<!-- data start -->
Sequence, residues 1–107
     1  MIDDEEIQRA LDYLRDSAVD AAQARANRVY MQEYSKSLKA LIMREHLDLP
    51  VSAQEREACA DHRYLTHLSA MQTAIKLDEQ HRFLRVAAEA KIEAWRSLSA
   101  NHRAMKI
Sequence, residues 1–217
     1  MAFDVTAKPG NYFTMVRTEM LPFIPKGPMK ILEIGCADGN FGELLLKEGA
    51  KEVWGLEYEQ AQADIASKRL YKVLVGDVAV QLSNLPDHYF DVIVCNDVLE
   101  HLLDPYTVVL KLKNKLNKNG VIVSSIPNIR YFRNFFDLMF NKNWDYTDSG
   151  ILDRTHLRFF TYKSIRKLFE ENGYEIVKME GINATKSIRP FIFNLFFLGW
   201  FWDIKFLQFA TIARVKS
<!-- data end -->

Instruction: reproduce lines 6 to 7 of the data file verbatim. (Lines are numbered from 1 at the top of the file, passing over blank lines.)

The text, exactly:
     1  MAFDVTAKPG NYFTMVRTEM LPFIPKGPMK ILEIGCADGN FGELLLKEGA
    51  KEVWGLEYEQ AQADIASKRL YKVLVGDVAV QLSNLPDHYF DVIVCNDVLE